Need expert opinion on my circuit design (to filter 12V power)

Thread Starter

JunkieNL

Joined Mar 19, 2020
29
Hello everyone,

The situation

My motorcycle is missing a tachometer (never had one), so I build one using an Arduino Nano. It reads the rpm from the diagnostics port and this part is already working. You can read the story on https://forum.arduino.cc/index.php?topic=236092.msg4513509#msg4513509 .

The problem

The tachometer only works when the motorcycle is idling or when the rpm is low. When revving the connection is lost. I need a circuit that filters the 12V power supply from the motorcycle.

My solution so far

I designed the following circuit:

circuit2.jpg

The part on the right is already working (at least for low rpm). The K-line connects to the diagnostics port.
The part on the left (of the green line) is what I added to improve the situation.
It includes a TVS diode to get rid of voltage spikes above 16V. (continuous voltage could be 14.5 V during operation)
The RC filter has a low R to prevent a large voltage drop.
The RC filter has a low-pass cutoff frequency of 16 Hz. (which seems to work, but I was just guessing here)
This filter seems to work (also for higher rpm), at least when the motorcycle is standing still in my garage.

My question

Although it seems to work, I was just guessing what to build. I also tried a linear regulator, which did not work. Also the circuit is still on a breadboard and not ready for a field test. I would like to hear your expert opinions before I start soldering.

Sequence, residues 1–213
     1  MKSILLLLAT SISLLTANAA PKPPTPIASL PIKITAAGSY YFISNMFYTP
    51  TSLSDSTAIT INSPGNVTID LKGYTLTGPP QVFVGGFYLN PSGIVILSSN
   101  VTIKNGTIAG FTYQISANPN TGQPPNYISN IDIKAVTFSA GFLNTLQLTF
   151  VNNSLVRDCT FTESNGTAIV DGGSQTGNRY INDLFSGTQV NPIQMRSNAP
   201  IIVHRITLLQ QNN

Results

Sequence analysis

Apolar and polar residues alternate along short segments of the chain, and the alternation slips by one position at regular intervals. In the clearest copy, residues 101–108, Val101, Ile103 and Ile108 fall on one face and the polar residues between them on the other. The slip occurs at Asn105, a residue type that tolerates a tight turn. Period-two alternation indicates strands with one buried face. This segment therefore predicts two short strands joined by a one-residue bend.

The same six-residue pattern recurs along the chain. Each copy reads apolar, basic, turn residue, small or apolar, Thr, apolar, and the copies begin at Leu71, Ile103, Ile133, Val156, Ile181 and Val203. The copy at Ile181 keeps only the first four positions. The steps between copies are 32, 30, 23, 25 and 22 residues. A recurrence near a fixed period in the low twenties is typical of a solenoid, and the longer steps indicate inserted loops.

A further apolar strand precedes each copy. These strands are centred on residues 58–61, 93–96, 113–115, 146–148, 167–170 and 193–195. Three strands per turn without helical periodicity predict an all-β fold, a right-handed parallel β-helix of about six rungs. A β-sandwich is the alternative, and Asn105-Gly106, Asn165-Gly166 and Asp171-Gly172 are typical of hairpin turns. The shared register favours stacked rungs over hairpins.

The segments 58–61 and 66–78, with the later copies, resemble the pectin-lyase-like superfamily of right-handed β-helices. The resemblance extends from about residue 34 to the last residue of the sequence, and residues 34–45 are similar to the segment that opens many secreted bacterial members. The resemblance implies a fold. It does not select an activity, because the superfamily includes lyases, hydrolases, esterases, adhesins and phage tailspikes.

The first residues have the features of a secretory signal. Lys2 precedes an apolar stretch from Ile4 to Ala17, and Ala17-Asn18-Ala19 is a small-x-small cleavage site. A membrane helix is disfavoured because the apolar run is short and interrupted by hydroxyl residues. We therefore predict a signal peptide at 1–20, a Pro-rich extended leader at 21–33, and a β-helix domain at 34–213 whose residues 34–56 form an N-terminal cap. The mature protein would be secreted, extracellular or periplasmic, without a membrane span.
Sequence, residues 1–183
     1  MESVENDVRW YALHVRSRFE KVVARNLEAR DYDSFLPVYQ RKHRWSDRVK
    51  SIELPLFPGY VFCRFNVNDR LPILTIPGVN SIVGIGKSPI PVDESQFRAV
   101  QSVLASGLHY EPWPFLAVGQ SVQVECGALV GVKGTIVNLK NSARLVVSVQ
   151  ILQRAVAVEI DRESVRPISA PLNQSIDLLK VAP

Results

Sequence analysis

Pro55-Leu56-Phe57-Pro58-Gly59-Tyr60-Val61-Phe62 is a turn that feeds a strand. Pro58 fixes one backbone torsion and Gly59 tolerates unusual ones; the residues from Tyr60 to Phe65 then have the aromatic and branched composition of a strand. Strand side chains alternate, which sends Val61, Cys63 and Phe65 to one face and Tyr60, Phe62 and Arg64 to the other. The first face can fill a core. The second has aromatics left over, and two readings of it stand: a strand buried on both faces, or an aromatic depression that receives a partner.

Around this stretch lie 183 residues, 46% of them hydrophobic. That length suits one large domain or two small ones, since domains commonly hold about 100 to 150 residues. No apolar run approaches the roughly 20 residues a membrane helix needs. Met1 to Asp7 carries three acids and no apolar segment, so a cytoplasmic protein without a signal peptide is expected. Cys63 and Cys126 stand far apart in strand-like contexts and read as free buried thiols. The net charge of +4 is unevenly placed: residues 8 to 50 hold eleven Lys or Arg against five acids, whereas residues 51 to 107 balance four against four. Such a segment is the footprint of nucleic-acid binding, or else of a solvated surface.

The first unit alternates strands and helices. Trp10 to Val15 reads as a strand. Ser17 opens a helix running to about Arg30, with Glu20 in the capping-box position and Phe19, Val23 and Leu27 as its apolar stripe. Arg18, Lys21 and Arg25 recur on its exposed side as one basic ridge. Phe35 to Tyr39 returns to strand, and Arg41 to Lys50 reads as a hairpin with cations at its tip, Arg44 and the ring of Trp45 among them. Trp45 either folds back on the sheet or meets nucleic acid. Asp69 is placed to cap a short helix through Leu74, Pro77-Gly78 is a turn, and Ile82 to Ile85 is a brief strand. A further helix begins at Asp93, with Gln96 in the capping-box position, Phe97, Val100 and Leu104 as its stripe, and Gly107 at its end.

Is this a decent solution? Are there things that could be improved?

A consideration: Currently, the circuit uses only 24 mA @12 V, but later I would like to add a buck converter before the regulator so that I can add a bright display and maybe a GPS module. I am thinking 0,5 A @ 12 V.
 

Attachments

dl324

Joined Mar 30, 2015
11,508
I'd put a larger cap on the regulator output. If the problem persists, put a larger cap on the input. If that doesn't work, add a choke where you have the 10 ohm resistor.

In any case, remove the resistor.
 

crutschow

Joined Mar 14, 2008
25,409
How do you know that electrical noise on the power is the problem?

Where are you connecting the GND terminal?

Do you have an oscilloscope?
 

AlbertHall

Joined Jun 4, 2014
10,393
I would go with the choke instead of the resistor.
If the 1mF is 1000uF and not 1uF then that should be OK.
A bigger electrolytic on the 7805 output would be good but keep the 0.33uF as well. They are better at high frequencies than 'lytics.
[EDIT] The 10nF on the K input seems rather high but I can't really be sure because it all depends on the output impedance of the diagnostic port. Too high a value here would filter out the higher frequencies.
 
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dendad

Joined Feb 20, 2016
3,602
I usually add a 10Uf Tantalum cap on the input and output of the regulators.
I take it you do actually have the gnd connection on the regulator connected. It is missing from your circuit.
I would add a 100uF cap on the reg input as well.
 
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Thread Starter

JunkieNL

Joined Mar 19, 2020
29
How do you know that electrical noise on the power is the problem?

Where are you connecting the GND terminal?

Do you have an oscilloscope?
I expect the noise to be the problem because the connection works without any problems when the motorcycle is turned off or idling. Also automotive noise is known to be a harsh environment for electronics.